They also include information on the first 201 prisoners released from the prison, between 2002 and 2004, which, unlike information on the rest of the prisoners (summaries of evidence and tribunal transcripts, released as the result of a lawsuit filed by media groups in 2006), has never been made public before. Most of these documents reveal accounts of incompetence familiar to those who have studied Guantánamo closely, with innocent men detained by mistake (or because the US was offering substantial bounties to its allies for al-Qaeda or Taliban suspects), and numerous insignificant Taliban conscripts from Afghanistan and Pakistan.
Beyond these previously unknown cases, the documents also reveal stories of the 399 other prisoners released from September 2004 to the present day, and of the seven men who have died at the prison.
The memos are signed by the commander of Guantánamo at the time, and describe whether the prisoners in question are regarded as low, medium or high risk. Although they were obviously not conclusive in and of themselves, as final decisions about the disposition of prisoners were taken at a higher level, they represent not only the opinions of JTF-GTMO, but also the Criminal Investigation Task Force, created by the Department of Defense to conduct interrogations in the "War on Terror," and the BSCTs, the behavioral science teams consisting of psychologists who had a major say in the "exploitation" of prisoners in interrogation.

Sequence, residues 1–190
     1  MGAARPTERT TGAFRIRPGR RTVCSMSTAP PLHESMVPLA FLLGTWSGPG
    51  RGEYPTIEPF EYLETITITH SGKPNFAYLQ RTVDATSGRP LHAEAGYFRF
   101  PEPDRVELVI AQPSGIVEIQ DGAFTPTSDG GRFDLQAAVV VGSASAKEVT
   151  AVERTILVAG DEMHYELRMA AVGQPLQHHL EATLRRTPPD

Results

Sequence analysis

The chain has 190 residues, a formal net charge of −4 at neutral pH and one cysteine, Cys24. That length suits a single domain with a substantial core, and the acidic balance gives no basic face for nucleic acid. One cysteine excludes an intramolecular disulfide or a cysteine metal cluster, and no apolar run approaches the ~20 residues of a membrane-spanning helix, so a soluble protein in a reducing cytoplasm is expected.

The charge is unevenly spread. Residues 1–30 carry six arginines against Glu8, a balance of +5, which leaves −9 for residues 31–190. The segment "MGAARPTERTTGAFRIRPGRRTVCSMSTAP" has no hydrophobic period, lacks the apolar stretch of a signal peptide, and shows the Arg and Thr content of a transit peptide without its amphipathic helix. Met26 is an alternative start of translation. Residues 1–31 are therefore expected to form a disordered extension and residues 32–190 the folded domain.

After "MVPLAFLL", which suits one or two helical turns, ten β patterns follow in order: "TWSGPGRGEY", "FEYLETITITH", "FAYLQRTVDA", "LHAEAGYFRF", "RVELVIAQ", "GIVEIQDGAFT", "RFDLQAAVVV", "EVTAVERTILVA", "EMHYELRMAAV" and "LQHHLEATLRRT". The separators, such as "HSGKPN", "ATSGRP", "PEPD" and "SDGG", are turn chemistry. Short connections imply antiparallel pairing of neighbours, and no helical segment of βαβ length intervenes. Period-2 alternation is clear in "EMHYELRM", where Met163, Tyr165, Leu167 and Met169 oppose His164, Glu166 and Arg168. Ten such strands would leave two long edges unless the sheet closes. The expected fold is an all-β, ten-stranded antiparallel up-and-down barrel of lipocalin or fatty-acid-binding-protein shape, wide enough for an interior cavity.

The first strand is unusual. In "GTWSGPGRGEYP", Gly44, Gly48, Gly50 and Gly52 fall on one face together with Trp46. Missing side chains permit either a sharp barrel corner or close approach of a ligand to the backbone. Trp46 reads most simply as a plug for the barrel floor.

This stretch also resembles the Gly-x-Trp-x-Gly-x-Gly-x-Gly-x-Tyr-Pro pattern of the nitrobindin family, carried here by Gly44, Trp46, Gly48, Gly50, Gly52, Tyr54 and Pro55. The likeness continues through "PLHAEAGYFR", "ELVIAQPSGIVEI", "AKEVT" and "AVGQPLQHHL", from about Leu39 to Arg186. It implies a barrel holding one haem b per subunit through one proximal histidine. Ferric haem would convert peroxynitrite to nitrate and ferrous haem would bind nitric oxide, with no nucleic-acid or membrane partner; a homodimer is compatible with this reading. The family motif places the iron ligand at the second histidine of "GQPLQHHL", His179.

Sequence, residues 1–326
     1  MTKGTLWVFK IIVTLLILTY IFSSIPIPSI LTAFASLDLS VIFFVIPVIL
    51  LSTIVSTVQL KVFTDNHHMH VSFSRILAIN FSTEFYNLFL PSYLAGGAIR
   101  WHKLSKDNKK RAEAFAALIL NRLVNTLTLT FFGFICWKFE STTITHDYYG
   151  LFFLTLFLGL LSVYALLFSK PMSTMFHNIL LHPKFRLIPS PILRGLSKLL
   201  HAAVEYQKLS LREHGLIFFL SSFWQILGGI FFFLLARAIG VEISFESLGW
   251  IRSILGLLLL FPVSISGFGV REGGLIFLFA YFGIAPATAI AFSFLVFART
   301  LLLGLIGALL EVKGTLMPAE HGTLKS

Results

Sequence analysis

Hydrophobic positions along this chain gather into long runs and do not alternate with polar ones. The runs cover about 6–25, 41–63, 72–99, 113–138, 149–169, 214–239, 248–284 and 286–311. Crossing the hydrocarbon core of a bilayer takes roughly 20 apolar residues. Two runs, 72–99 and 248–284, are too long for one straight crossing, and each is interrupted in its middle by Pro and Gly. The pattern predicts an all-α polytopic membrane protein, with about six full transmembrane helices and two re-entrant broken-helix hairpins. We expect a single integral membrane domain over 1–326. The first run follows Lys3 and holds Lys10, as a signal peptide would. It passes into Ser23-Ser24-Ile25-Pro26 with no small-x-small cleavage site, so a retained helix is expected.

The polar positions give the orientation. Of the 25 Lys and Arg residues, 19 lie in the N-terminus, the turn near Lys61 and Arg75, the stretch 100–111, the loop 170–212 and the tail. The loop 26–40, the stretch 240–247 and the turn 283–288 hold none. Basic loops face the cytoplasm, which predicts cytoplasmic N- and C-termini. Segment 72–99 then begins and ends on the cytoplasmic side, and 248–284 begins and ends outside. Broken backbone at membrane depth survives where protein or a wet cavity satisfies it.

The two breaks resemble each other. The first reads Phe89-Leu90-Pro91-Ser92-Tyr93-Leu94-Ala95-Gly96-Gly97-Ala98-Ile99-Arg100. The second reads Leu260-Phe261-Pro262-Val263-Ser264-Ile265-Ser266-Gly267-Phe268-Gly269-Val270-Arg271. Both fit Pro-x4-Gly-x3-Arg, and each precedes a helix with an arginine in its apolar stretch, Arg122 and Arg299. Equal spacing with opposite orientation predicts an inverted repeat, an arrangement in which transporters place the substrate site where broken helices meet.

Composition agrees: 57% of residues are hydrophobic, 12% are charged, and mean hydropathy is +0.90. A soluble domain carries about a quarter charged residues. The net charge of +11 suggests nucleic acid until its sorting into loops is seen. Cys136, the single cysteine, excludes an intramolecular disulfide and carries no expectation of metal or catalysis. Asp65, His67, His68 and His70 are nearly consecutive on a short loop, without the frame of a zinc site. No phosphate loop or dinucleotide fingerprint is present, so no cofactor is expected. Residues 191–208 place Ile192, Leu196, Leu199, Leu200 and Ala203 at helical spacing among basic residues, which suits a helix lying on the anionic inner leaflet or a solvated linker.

Half of the Prisoners at Gitmo Have Been Cleared for Release - Defense One
The administration has already cleared 78 of the 149 remaining prisoners for transfer. Having never been charged with a crime, these detainees have since been deemed to pose no national security threat by defense and intelligence officials and could be set for departure at any time.
Under the law, the administration can continue releasing those who have been cleared to their home countries, or to other host nations if releasing them to their own country could be dangerous and result in persecution. Obama has released 89 prisoners during his tenure.
If my post offends you, I deeply Apple-O-Jize.
You don't believe it's a bad idea to put a convicted terrorist into the general population with other prisoners?
Tell us what you'd like to see happen with convicted terrorists? Give them chocolate chip cookies and milk forever? Maybe a goose down mattress with nice soft blankets? You want to coddle convicted terrorists? Tell us please.